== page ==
One of the United States' leading lupus researchers, Dr. Betty Diamond is the head of the Feinstein Institute's Center for Autoimmune and Musculoskeletal Diseases at North Shore-Long Island Jewish Health System in Manhasset, NY. She is also a scientific advisor to the Lupus Research Institute and author of dozens of studies probing how antibodies and hormones wage war on people with lupus.
Q: What causes lupus?
The cause of lupus, a chronic autoimmune disease in which the body attacks its own organs and tissues, isn't fully understood. A combination of genes and environmental factors are involved. If one identical twin has lupus, there's a 30 to 50 percent chance that the other twin will develop it too. People with a family history of the disease are also at higher risk. While genetics load the gun, environment pulls the trigger. We don't know yet which environmental factors are the culprits, except that sun exposure plays a role.
Q: Why is lupus more common in women?
The disease strikes women at far higher rates, and we're not quite sure why. There's some evidence that hormones, such as estrogen, may be behind the gender gap.
Q: What kind of complications can lupus cause?
Lupus can attack many areas of the body. The most common complication is kidney damage. Without regular blood and urine tests to monitor kidney function and catch problems early—when they can be managed with medication—patients can end up needing dialysis for kidney failure. Having lupus also significantly raises your risk for atherosclerosis (hardening of the arteries), heart attacks, and blood clotting disorders. The disease also makes you more susceptible to infections, such as urinary tract infections, yeast infections, and diseases like pneumonia.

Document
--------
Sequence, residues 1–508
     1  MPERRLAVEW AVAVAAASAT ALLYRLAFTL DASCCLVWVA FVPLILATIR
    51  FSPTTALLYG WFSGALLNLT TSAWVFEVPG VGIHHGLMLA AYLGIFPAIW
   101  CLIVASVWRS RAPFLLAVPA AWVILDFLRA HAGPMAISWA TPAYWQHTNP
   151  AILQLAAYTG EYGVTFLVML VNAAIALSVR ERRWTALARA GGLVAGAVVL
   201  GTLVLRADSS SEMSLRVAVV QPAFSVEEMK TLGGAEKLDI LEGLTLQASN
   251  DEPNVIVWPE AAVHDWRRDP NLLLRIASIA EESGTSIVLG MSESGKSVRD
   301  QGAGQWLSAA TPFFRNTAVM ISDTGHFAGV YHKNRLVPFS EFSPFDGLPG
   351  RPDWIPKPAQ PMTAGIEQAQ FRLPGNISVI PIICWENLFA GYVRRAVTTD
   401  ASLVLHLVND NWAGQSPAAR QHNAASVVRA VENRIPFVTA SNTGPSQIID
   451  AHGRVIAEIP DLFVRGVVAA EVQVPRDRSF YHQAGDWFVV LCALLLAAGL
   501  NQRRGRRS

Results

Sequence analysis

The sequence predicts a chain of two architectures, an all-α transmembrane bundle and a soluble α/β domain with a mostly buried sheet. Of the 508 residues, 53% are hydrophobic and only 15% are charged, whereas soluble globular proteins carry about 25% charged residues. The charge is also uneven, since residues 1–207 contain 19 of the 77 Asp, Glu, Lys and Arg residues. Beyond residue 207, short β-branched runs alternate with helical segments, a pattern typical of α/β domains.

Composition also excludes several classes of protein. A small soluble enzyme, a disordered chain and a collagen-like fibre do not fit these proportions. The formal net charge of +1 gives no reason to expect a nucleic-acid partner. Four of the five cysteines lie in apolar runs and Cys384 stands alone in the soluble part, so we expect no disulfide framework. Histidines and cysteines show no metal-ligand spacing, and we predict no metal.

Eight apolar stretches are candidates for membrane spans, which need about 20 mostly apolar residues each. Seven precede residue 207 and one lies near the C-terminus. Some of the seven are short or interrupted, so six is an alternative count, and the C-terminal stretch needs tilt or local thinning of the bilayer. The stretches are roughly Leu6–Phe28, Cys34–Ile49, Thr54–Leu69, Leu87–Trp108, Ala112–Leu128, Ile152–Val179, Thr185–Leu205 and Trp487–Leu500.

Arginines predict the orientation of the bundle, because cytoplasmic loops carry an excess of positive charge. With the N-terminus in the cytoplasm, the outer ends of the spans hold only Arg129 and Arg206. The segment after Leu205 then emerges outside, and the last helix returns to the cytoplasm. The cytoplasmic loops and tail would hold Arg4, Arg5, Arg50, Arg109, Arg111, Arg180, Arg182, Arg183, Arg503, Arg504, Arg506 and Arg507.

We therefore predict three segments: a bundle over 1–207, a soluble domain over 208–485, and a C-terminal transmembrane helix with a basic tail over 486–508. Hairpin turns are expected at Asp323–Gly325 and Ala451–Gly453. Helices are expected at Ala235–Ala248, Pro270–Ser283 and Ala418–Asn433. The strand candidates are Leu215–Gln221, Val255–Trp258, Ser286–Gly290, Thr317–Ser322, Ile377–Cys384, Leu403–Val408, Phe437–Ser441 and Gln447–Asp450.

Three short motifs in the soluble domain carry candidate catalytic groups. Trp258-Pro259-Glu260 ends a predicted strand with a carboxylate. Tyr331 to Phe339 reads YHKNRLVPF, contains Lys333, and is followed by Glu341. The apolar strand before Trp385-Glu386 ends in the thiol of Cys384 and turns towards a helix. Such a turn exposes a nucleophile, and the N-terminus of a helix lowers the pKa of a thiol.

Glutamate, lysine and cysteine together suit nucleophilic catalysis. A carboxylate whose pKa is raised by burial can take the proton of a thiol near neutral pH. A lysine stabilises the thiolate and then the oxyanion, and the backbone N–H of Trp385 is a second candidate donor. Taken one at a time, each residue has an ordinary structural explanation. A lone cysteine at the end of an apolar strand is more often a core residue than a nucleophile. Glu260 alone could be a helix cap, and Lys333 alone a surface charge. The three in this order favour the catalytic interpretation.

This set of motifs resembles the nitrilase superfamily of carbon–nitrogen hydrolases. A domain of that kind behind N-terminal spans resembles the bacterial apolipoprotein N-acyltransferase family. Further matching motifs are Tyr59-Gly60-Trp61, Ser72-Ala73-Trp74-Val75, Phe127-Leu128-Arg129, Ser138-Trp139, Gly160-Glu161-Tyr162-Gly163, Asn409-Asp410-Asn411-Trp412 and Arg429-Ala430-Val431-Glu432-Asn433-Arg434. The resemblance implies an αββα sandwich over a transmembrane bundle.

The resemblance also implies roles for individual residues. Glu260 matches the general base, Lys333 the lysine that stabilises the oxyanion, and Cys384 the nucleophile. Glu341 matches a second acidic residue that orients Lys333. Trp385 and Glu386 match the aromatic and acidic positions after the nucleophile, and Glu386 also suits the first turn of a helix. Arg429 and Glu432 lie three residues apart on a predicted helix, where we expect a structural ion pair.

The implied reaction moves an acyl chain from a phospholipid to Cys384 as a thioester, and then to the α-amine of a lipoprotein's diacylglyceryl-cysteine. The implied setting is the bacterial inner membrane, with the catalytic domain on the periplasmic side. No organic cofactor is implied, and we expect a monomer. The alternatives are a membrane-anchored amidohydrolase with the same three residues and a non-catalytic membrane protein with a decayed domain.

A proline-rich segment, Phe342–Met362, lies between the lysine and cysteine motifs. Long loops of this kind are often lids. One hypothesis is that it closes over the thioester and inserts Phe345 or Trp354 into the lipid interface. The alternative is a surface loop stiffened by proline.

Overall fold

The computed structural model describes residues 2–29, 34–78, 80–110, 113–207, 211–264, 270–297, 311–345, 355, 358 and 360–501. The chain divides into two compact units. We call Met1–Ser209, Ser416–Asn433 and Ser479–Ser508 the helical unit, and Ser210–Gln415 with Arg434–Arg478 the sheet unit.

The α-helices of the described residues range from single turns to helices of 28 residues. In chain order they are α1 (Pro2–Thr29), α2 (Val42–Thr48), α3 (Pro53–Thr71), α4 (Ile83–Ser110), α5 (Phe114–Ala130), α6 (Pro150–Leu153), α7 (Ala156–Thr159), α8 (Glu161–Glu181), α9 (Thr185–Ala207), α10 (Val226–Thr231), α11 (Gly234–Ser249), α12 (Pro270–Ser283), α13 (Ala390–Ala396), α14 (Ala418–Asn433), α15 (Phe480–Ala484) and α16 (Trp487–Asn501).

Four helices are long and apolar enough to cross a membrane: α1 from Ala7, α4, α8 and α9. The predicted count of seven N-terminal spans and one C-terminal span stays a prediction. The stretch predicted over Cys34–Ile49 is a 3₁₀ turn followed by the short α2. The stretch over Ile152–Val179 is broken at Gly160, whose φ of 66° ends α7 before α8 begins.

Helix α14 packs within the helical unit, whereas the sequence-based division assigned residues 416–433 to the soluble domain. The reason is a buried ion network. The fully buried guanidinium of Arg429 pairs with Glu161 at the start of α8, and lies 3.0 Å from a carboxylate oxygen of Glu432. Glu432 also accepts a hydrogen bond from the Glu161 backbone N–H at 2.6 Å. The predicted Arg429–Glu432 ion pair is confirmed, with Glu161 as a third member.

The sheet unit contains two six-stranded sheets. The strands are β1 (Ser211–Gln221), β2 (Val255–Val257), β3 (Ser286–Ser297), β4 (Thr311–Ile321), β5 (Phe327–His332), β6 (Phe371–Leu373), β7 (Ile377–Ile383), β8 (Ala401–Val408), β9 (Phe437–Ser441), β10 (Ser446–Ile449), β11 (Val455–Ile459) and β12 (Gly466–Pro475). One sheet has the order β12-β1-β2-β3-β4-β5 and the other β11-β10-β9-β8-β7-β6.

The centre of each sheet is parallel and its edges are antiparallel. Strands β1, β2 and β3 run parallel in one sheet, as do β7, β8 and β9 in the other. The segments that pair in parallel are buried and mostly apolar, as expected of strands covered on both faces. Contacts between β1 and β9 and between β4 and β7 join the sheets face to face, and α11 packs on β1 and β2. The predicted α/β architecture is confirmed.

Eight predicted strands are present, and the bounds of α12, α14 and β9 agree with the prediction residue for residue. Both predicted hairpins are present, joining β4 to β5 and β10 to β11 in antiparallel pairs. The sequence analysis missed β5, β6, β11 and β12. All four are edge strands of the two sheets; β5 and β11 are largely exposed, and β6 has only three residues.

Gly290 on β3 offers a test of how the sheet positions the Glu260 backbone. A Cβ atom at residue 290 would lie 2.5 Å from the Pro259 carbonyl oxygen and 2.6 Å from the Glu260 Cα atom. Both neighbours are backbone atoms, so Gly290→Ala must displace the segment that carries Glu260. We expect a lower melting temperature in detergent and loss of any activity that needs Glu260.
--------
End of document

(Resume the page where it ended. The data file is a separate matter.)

Q: What can lupus patients do to protect against UV light?
Not all lupus patients have photosensitivity, but it's smart to be careful because UV exposure can trigger flares in many people with the disease. There's special clothing that offers extra UV protection, or you can cover up with a hat, long sleeves, and pants. Also apply sunscreen before going outside. Tinted cosmetics with sunscreen are another way to protect your skin and also help cover up lupus-related rashes.
Learn more about lupus and sun exposure and how to protect yourself.
Q: How effective are current lupus treatments?
Thanks to improved treatments, the outlook is now much better than it was in the past. Not only are current medications safer and more effective than ever before, but there are more options. If one medication isn't working, there is a variety of others to be considered. Advances in treatment give patients every reason to be hopeful. People with lupus can have children, hold jobs, and lead a full and lovely life.
Q: What kind of doctor should manage the care of lupus patients?
A rheumatologist is best qualified to take care of the diverse problems and symptoms associated with lupus. Rheumatologists specialize in diagnosing and treating musculoskeletal problems and autoimmune diseases.
Q: What can lupus patients do on their own to cope with symptoms?
Take good care of yourself: Eat a healthy diet, get enough sleep, avoid smoking, and keep fit with regular exercise. Look for ways to unwind and shed stress, such as massage, relaxation exercises, or listening to soothing music. Educate family and friends about your disease so they understand what you're dealing with and can help you cope. You may also want to join a support or advocacy group for people with lupus. It helps to connect with other patients and share experiences and solutions.
Learn more ways to manage lupus with healthy lifestyle choices.
Get tips on reducing stress related to lupus.